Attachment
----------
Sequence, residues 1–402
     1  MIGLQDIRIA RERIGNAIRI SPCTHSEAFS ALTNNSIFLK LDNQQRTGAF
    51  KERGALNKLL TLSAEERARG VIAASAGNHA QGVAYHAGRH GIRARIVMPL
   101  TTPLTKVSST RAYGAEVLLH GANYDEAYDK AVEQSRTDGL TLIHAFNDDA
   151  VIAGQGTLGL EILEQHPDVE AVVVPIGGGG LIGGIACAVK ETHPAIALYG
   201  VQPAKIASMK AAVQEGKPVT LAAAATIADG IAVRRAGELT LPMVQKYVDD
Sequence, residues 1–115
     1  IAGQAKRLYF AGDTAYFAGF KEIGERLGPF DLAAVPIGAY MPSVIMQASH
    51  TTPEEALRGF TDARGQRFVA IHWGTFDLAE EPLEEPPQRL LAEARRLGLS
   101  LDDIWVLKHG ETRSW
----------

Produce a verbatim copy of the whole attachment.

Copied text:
Sequence, residues 1–402
     1  MIGLQDIRIA RERIGNAIRI SPCTHSEAFS ALTNNSIFLK LDNQQRTGAF
    51  KERGALNKLL TLSAEERARG VIAASAGNHA QGVAYHAGRH GIRARIVMPL
   101  TTPLTKVSST RAYGAEVLLH GANYDEAYDK AVEQSRTDGL TLIHAFNDDA
   151  VIAGQGTLGL EILEQHPDVE AVVVPIGGGG LIGGIACAVK ETHPAIALYG
   201  VQPAKIASMK AAVQEGKPVT LAAAATIADG IAVRRAGELT LPMVQKYVDD
Sequence, residues 1–115
     1  IAGQAKRLYF AGDTAYFAGF KEIGERLGPF DLAAVPIGAY MPSVIMQASH
    51  TTPEEALRGF TDARGQRFVA IHWGTFDLAE EPLEEPPQRL LAEARRLGLS
   101  LDDIWVLKHG ETRSW